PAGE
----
Friend or Foe: Superhero Crime Fighter Phoenix Jones
You know what’s an odd feeling? Looking back to when you were a kid and remembering all the ridiculous and impossible things you wanted to be when you grew up. You know what’s an even stranger feeling? Realizing later that maybe some of those seemingly impossible occupations weren’t quite as far-fetched as you originally believed them to be.
Hmmm . . . Maybe I shouldn’t have hung up my leather mech-piloting gloves just yet.
Anywho, for those of you as enthralled by the tale of Phoenix Jones as I am, you’ll know that earlier in the month the would-be Seattle ‘superhero’ was arrested and accused with assaulting a group of party-goers. And for those of you who have no idea what I’m talking, no I haven’t gone insane – but arguably maybe some of these people have.
Phoenix Jones, whose real name is Benjamin Fodor, a 23-year-old mixed-martial arts fighter, made headlines as one of the people responsible for kick-starting the real-life superhero movement. As the name suggest, these are people who dress up in costumes to fight and prevent crime, doing everything from patrolling the streets and making calls to 911 for police intervention to actually stepping in and, you know, fighting people.
Fodor is the leader of the 10-person Rain City Super Heroes group in Seattle. He carries a stun gun baton and pepper spray as his main weapons and has been donning his mask since the beginning of this year. Since that time, Fodor has suffered a multitude of injuries from his excursions. However, last week was his first arrest. Fodor claims he was simply breaking up a fight among partiers when he pepper-sprayed a group of people on the street. But the people state otherwise and say that Fodor attacked them. However, judging from the looks of the video, it does appear as if Fodor was breaking up a fight in progress. In any case, Fodor has since been released from custody and prosecutors say they aren’t planning to press any charges, which means Seattle gets to have its self-proclaimed guardian back.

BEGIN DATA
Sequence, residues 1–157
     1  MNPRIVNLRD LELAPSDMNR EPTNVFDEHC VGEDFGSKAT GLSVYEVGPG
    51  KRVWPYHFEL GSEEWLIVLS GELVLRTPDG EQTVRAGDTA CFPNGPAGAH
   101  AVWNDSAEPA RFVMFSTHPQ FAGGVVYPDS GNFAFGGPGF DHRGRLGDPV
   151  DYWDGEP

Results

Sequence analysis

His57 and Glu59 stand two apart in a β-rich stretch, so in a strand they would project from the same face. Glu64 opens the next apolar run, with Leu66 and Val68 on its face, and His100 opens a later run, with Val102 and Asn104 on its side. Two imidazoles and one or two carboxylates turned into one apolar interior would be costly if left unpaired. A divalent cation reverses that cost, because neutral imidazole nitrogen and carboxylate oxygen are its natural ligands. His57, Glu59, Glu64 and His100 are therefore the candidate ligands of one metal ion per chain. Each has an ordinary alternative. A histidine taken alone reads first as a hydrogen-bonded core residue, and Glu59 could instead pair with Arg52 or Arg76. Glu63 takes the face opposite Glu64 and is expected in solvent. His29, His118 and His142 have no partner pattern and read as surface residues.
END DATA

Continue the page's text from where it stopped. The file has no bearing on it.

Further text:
Now don’t get me wrong. I like the idea of real-life superheroes and the fact that these guys are out there trying to be good Samaritans by stopping crime. And I certainly wouldn’t mind if some of them started popping up in the Bay Area, because I’m sure there probably won’t be any complaints. But what surprises me most about Fodor’s arrest is how it didn’t happen sooner. I mean, he’s essentially a masked man in a rubber muscled suit who can and has assaulted people in the name of preventing crime. If that doesn’t scream criminal charges to you, then I would think that it at least yells civil lawsuit.
Just to review, battery is when someone makes actual and offensive unwanted physical contact with another person. Assault is when a person puts another in fear of imminent offensive physical contact without actually touching the victim. Fodor carries around pepper spray and a stun gun baton. Fodor uses these things along with his body parts to disable people he believes are about to commit a crime and he’s been doing this for at least the past 10 months. Many of his adventures are video-recorded and released on the internet. I don’t know how much clearer of a lawsuit you can get from these set of facts without . . . yeah, it can’t be clearer.
And yes, I’m aware that certainly Fodor has a viable defense of others defense based on his observations. People are allowed to step in and protect others using proportionate force. But my point is that the odds of Fodor never being arrested before this incident, even with this legal defense, are simply mind-blowing and frankly a little annoying. I accidentally park a minute too long in front of an expired meter and I get a ticket. This guy gets to beat up on people and he’s only now having charges filed against him? Talk about unfair.
Aside from his amazing luck with the law so far, I’ve got no beef with Fodor and others like him. Having more eyes on the street protecting people is never bad in my book. But I can also understand why the Seattle police department has started to look less kindly on him. There’s always a chance that Fodor’s action could inspire others to take more extreme and less law-abiding measures to stem crime. Even worst, it could inspire super villains to start popping up all over the place and the last thing anyone wants is a Batman and Joker situation.